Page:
The neutron is a subatomic particle with no net electric charge and a mass of 939.573 MeV/c² (slightly more than a proton). Its spin is ½. Its antiparticle is called the antineutron. The neutron and proton are instances of a nucleon.
The nucleus of most atoms (all except the most common isotope of hydrogen, protium, which consists of a single proton only) consists of protons and neutrons.
The neutron plays an important role in many nuclear reactions. For example, neutron capture often results in neutron activation, inducing radioactivity. In particular, knowledge of neutrons and their behavior has been important in the development of nuclear reactors and nuclear weapons.
The development of "neutron lenses" based on total internal reflection within hollow glass capillary tubes or by reflection from dimpled aluminum plates has driven ongoing research into neutron microscopy and neutron/gamma ray tomography.
One use of neutron emitters is the detection of light nuclei, particularly the hydrogen found in water molecules. When a fast neutron collides with a light nucleus, it loses a large fraction of its energy. By measuring the rate at which slow neutrons return to the probe after reflecting off of hydrogen nuclei, a neutron probe may determine the water content in soil.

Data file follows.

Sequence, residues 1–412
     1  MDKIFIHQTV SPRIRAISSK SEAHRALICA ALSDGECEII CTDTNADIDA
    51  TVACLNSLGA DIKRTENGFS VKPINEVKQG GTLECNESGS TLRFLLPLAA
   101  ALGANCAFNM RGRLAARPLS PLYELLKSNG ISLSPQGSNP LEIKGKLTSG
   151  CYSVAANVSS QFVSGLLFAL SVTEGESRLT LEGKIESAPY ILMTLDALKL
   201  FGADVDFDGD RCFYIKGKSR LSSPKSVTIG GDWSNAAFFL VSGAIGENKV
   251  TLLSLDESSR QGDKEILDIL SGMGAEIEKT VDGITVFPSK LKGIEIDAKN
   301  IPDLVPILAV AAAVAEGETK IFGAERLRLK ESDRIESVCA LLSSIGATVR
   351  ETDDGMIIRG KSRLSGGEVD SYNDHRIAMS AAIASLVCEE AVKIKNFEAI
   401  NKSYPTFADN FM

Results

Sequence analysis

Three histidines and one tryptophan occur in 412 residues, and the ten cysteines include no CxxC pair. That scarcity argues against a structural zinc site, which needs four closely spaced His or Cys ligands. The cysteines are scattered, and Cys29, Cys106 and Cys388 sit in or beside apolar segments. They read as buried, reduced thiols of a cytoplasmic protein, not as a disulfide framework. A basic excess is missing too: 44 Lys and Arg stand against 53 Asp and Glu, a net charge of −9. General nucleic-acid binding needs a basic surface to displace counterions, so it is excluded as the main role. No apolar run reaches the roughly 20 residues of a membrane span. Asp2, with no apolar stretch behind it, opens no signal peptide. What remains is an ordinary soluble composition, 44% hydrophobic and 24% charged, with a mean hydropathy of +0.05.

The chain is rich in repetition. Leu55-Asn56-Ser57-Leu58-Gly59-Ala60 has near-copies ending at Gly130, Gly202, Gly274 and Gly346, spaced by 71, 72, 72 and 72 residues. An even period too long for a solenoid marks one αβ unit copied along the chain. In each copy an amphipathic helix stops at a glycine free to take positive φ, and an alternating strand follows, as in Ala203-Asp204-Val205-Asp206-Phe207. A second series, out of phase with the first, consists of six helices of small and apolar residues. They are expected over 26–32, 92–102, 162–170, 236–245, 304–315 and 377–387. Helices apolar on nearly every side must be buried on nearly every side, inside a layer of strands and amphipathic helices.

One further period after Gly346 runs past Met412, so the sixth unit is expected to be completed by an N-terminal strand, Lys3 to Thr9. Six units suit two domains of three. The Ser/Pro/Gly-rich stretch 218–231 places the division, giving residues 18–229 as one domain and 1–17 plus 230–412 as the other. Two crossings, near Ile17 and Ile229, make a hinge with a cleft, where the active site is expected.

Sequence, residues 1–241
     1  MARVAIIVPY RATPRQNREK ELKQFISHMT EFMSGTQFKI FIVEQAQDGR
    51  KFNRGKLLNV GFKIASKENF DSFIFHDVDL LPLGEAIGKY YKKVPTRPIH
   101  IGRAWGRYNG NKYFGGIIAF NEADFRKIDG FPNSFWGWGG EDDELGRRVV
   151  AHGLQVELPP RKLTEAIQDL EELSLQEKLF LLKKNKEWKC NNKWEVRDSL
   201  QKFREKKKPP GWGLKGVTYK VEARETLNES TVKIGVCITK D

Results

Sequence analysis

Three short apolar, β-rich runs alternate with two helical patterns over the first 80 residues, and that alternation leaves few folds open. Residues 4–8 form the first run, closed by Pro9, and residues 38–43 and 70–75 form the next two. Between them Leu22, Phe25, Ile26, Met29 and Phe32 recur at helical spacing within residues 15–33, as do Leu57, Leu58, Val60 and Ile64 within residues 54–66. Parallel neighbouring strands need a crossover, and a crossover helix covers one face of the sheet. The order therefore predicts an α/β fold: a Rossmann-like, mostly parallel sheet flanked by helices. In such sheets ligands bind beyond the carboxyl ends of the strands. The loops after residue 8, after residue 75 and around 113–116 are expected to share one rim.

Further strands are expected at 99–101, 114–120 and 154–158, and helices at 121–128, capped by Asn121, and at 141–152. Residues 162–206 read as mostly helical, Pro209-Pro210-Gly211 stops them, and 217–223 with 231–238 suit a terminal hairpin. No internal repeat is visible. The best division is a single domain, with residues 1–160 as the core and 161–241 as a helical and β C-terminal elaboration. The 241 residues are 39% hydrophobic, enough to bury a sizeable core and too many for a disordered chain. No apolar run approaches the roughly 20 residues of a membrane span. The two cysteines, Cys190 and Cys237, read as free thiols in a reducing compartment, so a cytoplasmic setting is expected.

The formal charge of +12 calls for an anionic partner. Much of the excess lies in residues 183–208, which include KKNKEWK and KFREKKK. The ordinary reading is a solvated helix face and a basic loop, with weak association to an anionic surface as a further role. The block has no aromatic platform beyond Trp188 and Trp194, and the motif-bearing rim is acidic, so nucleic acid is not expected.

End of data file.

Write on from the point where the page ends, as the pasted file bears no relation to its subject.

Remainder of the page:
Pure neutron radiation is used as an anti-organics weapon in Neutron Beams. Neutron flux is deadly in a manner similar to gamma radiation. However, neutrons do not lose energy when they ionize atoms; they are chargeless, thus can pass through most sorts of electromagnetic fields (energy shielding) and armor materials with relative ease. The only exception would be exceptionally thick and atomically heavy materials, like starship hulls.